De Tomaso is moving all operations stateside, and it’s on a mission
De Tomaso announced earlier today that the Italian-Argentine-American firm is bringing all of its operations to the U.S. The move, dubbed Mission AAR (American Automotive Renaissance) is described by the company as an attempt to “restore the romance, beauty, passion, and elegance in the luxury American automotive industry.”
Clearly, De Tomaso’s ready to preach some hot automotive gospel.
According to the announcement, De Tomaso can no longer wait for the American automobile industry to recapture its glory days of the 1920s–60s, so it’s pulling everything stateside to lead the charge itself. That’s a lofty goal, and the “glory days” might be subjective, but we won’t argue with prestigious automakers that want to move to the U.S. De Tomaso already has historical tie-ins with some of the greatest names in American automotive history: Peter Brock, Lee Iacocca, Carroll Shelby, and Tom Tjaarda, to name a few. It’s no featherweight name.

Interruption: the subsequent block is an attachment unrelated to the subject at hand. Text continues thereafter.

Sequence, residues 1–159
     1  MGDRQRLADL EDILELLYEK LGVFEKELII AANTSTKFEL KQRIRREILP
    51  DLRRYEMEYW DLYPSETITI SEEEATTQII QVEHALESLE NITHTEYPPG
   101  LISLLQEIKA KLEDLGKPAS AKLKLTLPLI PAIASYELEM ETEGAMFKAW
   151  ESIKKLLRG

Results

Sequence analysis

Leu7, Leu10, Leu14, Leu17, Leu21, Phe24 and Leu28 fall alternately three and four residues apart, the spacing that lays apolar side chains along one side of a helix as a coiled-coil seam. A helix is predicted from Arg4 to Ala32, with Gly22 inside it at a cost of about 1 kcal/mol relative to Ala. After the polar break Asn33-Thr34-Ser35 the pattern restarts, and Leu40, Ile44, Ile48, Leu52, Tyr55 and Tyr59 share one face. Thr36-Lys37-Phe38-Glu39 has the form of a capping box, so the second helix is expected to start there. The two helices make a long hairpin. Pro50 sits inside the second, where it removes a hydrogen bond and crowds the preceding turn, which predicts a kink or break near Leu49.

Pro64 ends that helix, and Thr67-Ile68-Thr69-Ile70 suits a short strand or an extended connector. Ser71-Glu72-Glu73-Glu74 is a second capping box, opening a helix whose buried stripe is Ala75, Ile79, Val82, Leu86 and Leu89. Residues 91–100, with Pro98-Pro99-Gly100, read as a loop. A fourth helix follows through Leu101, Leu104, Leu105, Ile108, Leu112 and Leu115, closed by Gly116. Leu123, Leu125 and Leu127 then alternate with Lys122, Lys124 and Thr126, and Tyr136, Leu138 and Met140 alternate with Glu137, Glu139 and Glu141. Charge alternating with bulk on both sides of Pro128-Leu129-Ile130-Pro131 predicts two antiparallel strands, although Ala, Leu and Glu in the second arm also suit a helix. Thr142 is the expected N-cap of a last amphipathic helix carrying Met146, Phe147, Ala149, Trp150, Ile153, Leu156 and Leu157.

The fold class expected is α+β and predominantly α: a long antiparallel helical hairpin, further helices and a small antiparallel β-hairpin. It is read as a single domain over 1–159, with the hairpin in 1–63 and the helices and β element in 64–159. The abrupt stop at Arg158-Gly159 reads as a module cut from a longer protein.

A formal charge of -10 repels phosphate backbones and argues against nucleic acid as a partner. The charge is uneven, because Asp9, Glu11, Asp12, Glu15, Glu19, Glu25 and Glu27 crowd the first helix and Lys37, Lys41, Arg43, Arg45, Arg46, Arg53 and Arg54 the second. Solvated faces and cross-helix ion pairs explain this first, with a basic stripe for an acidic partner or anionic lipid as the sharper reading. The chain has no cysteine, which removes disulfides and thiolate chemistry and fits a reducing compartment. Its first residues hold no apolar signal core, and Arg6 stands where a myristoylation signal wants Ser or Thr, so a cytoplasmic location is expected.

The company will relocate all production, design, and corporate facilities across the Atlantic from Europe. No formal destination has been announced yet, but we can expect a final decision in the next six months. The move brings a swell of job opportunities for car folks looking to refine and develop their skills—talents that, De Tomaso says, are currently lagging behind those within the European luxury automotive industry.
Which cars will De Tomaso use to forcibly resurrect American automotive passion? The firm’s latest creation, the P72, is a drop-dead gorgeous sports car that debuted at the 2019 Goodwood Festival of Speed. If De Tomaso wants this swooping, curvaceous car to come to life at the hands of American craftsman, we’re more than here for that. The P72 is powered by a Roush-tuned 5.0-liter supercharged V-8, utilizing Blue Oval power like its predecessor, the Pantera. Expect north of 700 horsepower and a six-speed manual transmission.
Whether or not the move becomes a world-changer depends on your view of the luxury automotive landscape. At the end of the day, an automaker setting sail for U.S. shores is welcome news—whether it makes 10 million useful cars or 10 cars that take our breath away.